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COVID-19 brings change in traditional lifestyles

COVID-19 brings change in traditional lifestyles

Placido Hilukilwa and Marthina Mutanga 

THE coronavirus is shattering lifestyles and changing traditional ways of doing things. 

 

These changes, however, have to be accepted as a “small price to pay” to save the lives of people, said senior traditional councillor Efraim Weyulu, the head of the Eenhana District of the Oukwanyama Traditional Authority.

 

Weyulu said an immediate change of lifestyle is needed due to the global outbreak of COVID-19, which can be in how communities gather, greet each other, share meals or practice their customs.

 

“President Hage Geingob’s announcement is clear. We, the traditional leaders, have to play our part in sensitising the people on how to prevent the spread of the deadly virus,” he said.

 

coronavirus lifestyles changing traditional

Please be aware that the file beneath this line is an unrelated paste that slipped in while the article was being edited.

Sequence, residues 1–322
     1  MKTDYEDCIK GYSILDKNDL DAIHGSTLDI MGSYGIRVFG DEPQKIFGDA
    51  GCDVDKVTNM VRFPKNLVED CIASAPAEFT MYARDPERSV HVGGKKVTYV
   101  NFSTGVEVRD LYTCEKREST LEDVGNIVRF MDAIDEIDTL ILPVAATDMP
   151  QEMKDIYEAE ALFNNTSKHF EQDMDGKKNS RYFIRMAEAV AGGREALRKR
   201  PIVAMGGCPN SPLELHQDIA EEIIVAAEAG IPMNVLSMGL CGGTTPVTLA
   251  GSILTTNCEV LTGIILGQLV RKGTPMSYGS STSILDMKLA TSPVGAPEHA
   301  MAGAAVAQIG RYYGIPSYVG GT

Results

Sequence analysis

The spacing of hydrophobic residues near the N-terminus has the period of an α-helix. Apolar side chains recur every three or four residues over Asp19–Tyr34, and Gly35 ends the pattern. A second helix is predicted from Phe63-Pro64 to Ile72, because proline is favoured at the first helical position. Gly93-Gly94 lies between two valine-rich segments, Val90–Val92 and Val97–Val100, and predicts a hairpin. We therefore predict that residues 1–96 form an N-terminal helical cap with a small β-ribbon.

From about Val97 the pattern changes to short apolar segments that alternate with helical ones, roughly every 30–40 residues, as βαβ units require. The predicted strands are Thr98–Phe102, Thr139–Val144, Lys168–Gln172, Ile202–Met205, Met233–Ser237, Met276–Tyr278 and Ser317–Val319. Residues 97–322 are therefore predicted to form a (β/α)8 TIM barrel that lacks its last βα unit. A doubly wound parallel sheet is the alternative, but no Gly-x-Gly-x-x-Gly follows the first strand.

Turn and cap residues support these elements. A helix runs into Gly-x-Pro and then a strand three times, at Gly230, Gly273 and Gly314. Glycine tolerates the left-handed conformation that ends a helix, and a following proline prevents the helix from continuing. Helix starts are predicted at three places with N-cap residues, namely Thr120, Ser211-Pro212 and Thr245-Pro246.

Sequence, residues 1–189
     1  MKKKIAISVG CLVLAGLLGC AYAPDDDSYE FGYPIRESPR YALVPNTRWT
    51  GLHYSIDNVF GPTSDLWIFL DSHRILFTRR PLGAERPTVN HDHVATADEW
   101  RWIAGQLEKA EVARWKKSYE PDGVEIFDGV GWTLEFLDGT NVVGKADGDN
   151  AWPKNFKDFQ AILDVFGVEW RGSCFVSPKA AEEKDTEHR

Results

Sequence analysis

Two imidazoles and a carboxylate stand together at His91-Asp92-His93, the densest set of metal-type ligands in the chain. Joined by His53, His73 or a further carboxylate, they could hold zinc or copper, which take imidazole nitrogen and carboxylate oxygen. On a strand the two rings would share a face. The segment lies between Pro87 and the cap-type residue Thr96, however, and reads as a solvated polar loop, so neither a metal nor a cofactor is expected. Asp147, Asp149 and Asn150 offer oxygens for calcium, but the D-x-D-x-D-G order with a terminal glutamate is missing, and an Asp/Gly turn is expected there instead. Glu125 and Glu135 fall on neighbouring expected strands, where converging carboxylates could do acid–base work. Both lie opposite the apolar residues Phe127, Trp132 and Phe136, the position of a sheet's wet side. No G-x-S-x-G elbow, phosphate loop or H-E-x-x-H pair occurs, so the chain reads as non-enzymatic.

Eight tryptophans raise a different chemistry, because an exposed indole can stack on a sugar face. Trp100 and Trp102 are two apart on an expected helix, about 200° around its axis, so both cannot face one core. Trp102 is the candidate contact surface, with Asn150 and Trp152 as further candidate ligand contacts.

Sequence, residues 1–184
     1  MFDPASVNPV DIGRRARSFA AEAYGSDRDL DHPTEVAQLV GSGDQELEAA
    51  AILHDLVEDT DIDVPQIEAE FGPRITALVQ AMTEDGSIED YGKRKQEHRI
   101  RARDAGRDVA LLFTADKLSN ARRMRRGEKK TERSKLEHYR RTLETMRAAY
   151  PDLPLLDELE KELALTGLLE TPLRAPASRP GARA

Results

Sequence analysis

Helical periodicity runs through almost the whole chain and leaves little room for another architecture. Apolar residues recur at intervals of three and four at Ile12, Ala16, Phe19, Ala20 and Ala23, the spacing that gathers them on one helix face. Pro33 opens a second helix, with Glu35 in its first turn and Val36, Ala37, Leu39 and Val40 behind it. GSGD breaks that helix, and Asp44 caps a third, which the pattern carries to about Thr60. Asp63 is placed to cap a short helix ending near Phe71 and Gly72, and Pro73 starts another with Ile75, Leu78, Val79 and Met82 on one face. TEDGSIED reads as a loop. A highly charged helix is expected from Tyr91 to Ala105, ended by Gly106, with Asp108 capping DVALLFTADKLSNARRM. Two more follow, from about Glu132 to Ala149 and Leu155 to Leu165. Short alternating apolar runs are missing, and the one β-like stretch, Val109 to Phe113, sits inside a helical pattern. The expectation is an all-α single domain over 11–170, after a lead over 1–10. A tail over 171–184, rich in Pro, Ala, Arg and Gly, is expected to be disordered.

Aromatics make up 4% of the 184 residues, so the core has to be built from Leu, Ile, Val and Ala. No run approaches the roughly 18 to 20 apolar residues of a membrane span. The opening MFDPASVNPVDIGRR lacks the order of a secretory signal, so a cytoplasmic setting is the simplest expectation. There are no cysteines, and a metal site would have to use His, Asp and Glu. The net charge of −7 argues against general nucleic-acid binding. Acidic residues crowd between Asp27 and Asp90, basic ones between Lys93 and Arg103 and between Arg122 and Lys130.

CHANGE IN HABITS: Many changes have to be made traditionally, such as how traditional drinks are shared in one cup between people. Photo: Contributed 

 

Among the traditional lifestyles that need to change immediately, Weyulu listed the communal use of traditional chalices (omaholo) for marula wine and the drinking of the moderately alcoholic homebrew (omalodu), as well as the consumption of otombo at shebeens sharing the same cup.

 

He said that traditional leaders are already transmitting the message to the residents of their respective villages.

 

“This includes sensitising women and girls who squeeze the marula fruits to produce omagongo using their bare hands. They need to observe personal hygiene at all times,” he said.

 

Weyulu also noted that the preventive measures that are being implemented will inadvertently cause collateral damage to the rural economy because people are now reluctant to buy and consume certain products.

 

“This virus is something totally different from anything we have ever seen before and our people must really work together and implement the necessary preventive measures,” he said.

 

Ovaherero Paramout Chief, Vekuii Rukoro, said general caution must be exercised regarding especially traditional cultural gatherings. If possible, weddings should be postponed for at least 3 to 4 months until the coast is clear.

 

Rukoro gave an example of the spraying of Holy Water during funerals that is practised by mostly the Ovaherero people.

 

“Let us raise awareness about general hygiene to avert a second genocide against our people,” noted Rukoro.

 

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